Thursday, August 24, 2017

Don't Be Scared By The Possible Loss of Mortgage Interest Deduction

Talk of tax reform has impacted the stock market.  Whenever politicians in the highest offices, including our President and Speaker, talk tax reform (a euphemism for tax cuts) the market bounces up or down.  If the comments made hint at the tax reform (cuts) process taking shape sooner than later, the market rallies.  If the comments are vague about when and if Congress can get started on the process, the market sells off.

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Homeowners have been worrying about their ability to deduct mortgage interest from their taxable income.  The Donald has not ruled it off the table.  His tax plan, however, calls for an increase (almost double) in the "Standard" deduction so fewer homeowners would need to use the MID (Mortgage Interest Deduction).  Many people are confused and quite irritated by the potential changes.  After all, they were sold on the perk of being able to deduct all of their mortgage interest from their taxable income and thus save on taxes.  But this was simply a selling gimmick used by their realtors.

You Don't Get A Dollar for Dollar

Many homeowners erroneously believe they can get a tax savings from all of their mortgage interest.  That's just wrong.  Your marginal tax bracket determines how much of your deduction you can apply to lower taxable income.  The lower your tax bracket, the lower the tax break you'll get.  Someone in the 25% tax bracket, let's say, that pays $12K in mortgage interest can apply $3,000 to be excluded from taxation.  In 2017, the standard deduction for a married couple filing jointly was worth $12,700.  25% of this is $3,175.  In this example, you'd be better off taking the standard deduction by $175 in tax savings.

According to, about 70% of U.S. taxpayers elected to take the standard deduction.  Why?  They most likely didn't have enough deductions to itemize and reducing their tax liability via the standard deduction made more sense.  I also personally think that many Americans have no idea what's going on when it comes time to file their taxes.  They take their W2's and maybe a mortgage interest statement or two, and drop them off at the nearest Liberty Tax.  They go in for their follow-up and are told they'll get back about $3K (the average) in refunds and jump for joy, not knowing where it came from.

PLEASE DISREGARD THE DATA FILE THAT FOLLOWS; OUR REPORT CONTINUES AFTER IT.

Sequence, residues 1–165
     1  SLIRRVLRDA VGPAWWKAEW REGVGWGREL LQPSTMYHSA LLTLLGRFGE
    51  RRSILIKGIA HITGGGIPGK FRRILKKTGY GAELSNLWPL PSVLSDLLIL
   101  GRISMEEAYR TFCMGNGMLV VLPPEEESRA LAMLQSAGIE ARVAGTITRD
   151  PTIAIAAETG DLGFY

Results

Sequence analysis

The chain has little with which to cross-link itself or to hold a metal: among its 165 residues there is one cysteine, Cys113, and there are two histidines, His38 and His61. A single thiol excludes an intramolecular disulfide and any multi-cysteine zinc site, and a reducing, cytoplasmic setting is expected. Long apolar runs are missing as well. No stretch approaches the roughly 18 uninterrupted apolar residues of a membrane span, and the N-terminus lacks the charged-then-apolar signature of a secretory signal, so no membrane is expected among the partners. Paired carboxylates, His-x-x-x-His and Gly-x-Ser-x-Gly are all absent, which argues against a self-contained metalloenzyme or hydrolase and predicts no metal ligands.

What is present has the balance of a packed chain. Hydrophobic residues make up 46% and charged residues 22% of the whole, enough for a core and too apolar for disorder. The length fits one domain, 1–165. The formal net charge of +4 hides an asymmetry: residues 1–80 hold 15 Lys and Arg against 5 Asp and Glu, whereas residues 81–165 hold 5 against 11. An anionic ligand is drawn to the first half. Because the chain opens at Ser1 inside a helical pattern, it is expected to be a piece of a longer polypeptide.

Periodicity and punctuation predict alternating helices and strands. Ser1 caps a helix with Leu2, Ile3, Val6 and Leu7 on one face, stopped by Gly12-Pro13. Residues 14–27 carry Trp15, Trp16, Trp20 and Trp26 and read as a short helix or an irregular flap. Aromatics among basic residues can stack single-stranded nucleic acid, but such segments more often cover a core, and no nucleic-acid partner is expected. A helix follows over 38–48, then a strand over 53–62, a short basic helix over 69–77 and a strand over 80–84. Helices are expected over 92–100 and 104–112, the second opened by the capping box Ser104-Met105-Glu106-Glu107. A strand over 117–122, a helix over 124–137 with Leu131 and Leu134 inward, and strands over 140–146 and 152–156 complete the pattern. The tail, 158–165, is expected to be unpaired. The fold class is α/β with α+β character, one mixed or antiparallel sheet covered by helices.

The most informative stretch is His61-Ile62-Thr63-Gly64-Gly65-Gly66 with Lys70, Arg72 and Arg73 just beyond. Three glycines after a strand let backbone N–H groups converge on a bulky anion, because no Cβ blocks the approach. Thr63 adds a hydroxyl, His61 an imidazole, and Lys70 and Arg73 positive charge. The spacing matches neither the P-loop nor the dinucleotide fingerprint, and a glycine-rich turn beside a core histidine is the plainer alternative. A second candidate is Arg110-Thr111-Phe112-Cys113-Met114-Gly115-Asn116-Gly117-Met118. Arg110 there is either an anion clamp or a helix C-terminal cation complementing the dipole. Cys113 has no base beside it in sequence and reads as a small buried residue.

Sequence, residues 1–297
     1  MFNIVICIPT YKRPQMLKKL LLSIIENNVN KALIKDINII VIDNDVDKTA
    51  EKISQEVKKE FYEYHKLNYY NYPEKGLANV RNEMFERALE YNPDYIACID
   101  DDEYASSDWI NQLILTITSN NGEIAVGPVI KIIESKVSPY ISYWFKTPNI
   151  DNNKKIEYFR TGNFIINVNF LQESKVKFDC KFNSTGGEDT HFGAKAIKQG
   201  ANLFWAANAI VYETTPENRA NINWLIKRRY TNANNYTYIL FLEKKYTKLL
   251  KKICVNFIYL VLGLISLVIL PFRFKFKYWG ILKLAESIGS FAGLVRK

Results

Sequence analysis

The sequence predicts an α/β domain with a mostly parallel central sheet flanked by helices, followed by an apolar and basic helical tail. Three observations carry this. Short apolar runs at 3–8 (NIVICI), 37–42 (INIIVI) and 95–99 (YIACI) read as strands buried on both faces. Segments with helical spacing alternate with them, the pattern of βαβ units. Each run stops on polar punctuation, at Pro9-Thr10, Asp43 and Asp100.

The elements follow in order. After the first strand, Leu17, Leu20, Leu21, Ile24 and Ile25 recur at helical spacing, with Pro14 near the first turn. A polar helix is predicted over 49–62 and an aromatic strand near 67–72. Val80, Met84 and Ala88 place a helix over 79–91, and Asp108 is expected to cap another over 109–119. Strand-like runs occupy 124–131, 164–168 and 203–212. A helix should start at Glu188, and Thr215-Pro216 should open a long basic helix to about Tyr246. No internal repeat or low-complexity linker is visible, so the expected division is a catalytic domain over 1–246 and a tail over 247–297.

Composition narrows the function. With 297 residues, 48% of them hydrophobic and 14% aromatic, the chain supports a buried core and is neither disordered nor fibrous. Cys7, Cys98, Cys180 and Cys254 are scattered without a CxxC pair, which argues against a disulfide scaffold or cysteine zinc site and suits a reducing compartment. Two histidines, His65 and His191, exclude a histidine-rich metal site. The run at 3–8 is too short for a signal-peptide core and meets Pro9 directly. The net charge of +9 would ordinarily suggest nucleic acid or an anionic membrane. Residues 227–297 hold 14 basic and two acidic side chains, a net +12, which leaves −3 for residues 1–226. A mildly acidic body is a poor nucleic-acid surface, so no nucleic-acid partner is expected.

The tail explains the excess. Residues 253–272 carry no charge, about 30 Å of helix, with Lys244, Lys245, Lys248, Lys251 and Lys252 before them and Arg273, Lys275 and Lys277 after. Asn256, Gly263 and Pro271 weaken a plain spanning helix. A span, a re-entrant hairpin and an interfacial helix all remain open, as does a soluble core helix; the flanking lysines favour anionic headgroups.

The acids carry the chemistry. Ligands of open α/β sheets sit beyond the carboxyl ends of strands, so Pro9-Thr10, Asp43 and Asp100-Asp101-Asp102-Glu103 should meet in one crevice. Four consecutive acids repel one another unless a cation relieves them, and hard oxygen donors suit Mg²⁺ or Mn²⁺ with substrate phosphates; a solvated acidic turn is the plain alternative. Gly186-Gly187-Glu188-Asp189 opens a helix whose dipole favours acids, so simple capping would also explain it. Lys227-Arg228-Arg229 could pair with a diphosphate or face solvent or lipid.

So, only 30% of all U.S. taxpayers would be "affected" by a change in policy on the M.I.D.  And out of this 30%, those who would be most affected are...

Top Income Earners In Top Real Estate Markets

In order to benefit from the M.I.D. you actually have to belong to a select group of taxpayers.  First, you have to make income upwards of $100K a year.  So we're talking high paid professionals and entrepreneurs here: doctors, superintendents of schools, lawyers, successful business owners, etc.  Also, you have to be in a high tax bracket, as in anywhere beyond 25%.  Finally, you also need a McMansion or San Francisco 1-room flat type of mortgage, meaning close to a million dollars and being somewhere at the start of your amortization schedule.

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It makes perfect sense.  High income earners that are employees with little if any deductions from assets, meaning they make their money actively and not from passive sources (real estate, e.g.), will generally have higher income taxes.  According to The Motley Fool the average American's mortgage for First Time Homebuyers is $190K.  What they pay in mortgage interest depends on their interest rate, of course.  Interest rates on mortgages have been historically low for several years so we can assume many newbies (less than ten years) to home ownership will not pay enough mortgage interest to offset the savings they'd get in taxes by taking the standard deduction.  Even if you throw in property taxes into the mix!

So ending the Mortgage Interest Deduction will not destroy home ownership.  It can affect the housing market, however, especially in the first few years of the change.  Why?  It will take time for the average American to understand they're not really losing something sacred.  Buyers may be scarce, thus ending the housing boom.  Property values may fall.  A recovery will ensue once Americans realize they had a bad deal to begin being homeowners, and head back into the market, buying homes again mainly to build equity the old fashion way: by paying down principal.

The change may be more dramatic at the high end.  Financing the purchase of a million (or more) dollar home would be a serious sucker's game.  To put it bluntly, you will be screwed!  If you're wealthy, you'd be better off paying the home outright, and avoiding a mortgage altogether.  The same can be said of middle-class buyers.  Pay-off your mortgages as fast as you can.  It's in your interest to kill the interest!

Thanks for reading!  Until next time.

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